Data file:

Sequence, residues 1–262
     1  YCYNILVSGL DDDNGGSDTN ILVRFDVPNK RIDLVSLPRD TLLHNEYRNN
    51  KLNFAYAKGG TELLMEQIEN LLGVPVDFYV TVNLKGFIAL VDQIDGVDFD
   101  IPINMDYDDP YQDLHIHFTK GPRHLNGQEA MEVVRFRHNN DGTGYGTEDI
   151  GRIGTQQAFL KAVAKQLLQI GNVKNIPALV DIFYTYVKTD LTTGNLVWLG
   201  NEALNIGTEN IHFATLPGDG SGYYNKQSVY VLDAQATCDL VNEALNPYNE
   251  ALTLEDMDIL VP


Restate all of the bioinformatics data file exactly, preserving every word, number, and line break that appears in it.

Sequence, residues 1–262
     1  YCYNILVSGL DDDNGGSDTN ILVRFDVPNK RIDLVSLPRD TLLHNEYRNN
    51  KLNFAYAKGG TELLMEQIEN LLGVPVDFYV TVNLKGFIAL VDQIDGVDFD
   101  IPINMDYDDP YQDLHIHFTK GPRHLNGQEA MEVVRFRHNN DGTGYGTEDI
   151  GRIGTQQAFL KAVAKQLLQI GNVKNIPALV DIFYTYVKTD LTTGNLVWLG
   201  NEALNIGTEN IHFATLPGDG SGYYNKQSVY VLDAQATCDL VNEALNPYNE
   251  ALTLEDMDIL VP